USTR - Briefing by Deputy U.S. Trade Representative Peter Allgeier - Core Negotiation Areas, Hong Kong Convention & Exhibition Centre Theatre 2
Office of the United States Trade Representative


Briefing by Deputy U.S. Trade Representative Peter Allgeier - Core Negotiation Areas, Hong Kong Convention & Exhibition Centre Theatre 2

AMBASSADOR ALLGEIER:  Thank you very much Christin and thank you for joining us today.  I'll have a few comments and then open it for questions.

Obviously the process of negotiations here in Hong Kong has begun in earnest and the entire US delegation is working actively with the facilitators and with the other members of the WTO to make this a successful conference.

Ambassador Portman has already met with each of the three facilitators, Minister Kituyi, Minister Rohee and Minister Khan.  We've also been reaching out to other delegations into groups, for example, we've already met with the Africa group, met with the group of C5 cotton-producing countries from Africa, and met with what is known as the GRULAC, which is the Latin America group - it is all of the countries of Latin America and the Caribbean.

At a meeting today, our deputy Schuchat met with the CARICOM countries.  Ambassador Portman will be meeting later today with a group of 20.  So, we've been reaching out to all the various groups across the board and on the whole range of negotiating subjects.

Our overall objective here in Hong Kong is really quite simple and that is to move beyond the status of the negotiations that has been described in the draft declaration and the annexes, which are being put before the ministers.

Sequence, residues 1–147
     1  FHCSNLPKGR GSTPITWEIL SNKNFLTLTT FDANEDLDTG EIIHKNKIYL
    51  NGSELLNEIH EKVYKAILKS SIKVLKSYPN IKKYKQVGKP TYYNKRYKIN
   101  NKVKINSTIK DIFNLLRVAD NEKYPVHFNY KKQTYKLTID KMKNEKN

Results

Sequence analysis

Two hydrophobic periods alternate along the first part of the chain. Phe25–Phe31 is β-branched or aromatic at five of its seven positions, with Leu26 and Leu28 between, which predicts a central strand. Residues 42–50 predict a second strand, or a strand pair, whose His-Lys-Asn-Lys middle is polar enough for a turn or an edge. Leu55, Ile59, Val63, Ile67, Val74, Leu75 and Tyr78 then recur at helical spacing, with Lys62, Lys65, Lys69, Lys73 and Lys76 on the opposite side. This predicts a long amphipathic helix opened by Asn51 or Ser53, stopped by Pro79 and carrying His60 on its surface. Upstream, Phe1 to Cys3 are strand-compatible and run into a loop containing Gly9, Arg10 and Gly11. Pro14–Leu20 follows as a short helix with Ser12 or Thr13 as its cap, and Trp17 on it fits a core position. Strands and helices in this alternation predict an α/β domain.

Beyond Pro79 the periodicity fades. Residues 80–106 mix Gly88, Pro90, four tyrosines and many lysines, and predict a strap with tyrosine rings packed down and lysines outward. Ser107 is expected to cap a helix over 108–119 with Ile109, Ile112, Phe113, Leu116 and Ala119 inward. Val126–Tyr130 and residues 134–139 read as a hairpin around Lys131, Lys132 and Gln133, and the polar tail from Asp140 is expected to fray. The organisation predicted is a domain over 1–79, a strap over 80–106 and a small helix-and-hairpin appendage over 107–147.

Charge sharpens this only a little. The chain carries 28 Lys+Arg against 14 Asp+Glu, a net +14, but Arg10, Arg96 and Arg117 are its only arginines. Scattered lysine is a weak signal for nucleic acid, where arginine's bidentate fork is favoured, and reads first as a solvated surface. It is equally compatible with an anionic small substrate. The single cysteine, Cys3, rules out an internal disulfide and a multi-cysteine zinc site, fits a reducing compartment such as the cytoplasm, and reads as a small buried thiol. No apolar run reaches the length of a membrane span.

The major obstacle to moving in these key areas, however, is the lack of forward movement in agricultural market access.  In all our meetings we are hearing this, we are hearing it repeatedly and we are of course, we also feel that way ourselves.

In fact, this frustration over the lack of movement in agricultural market access has gotten to the point that it has spawned a new group of countries.  A group of ten countries that today put out a letter indicating their frustration and demonstrating that by explicitly linking movement in NAMA to movement in agriculture, and particularly market access.

One doesn't have to endorse their tactics to just recognize that this is a sign of how a great the frustration is at the lack of movement in this key area.

Now, while we share the view that our priority should be on movement in agricultural market access, we're not going to put down our tools.  We certainly want to continue to work to build on the foundation that has been created thus far by the negotiations in Geneva.  Let me just give you some examples of where we think that we can accomplish important things here in Hong Kong.

First of all, in agriculture, we think it should be possible to agree on an end date for the elimination of all forms of export subsidy.  I want to be clear this is not just a question of asking one party to sign on to an end date for their own practices but there are practices in the United States that would fall under this same category.

As you look back at the framework of July of 2004, it's not just export subsidies in the classic European sense, but its other export subsidization practices.  Export credits, for example, where we have indicated that we are prepared to discipline.  There is the question of commercial displacement in the area of food aid to the extent that that exists.  There is the question of disciplines on state trading enterprises, that is not something that certainly affects us, but it affects other countries.

So, setting an end date for the elimination of all of these practices would be something that would be an important step forward in agriculture, and it is something that most of the major countries would have to make a contribution to.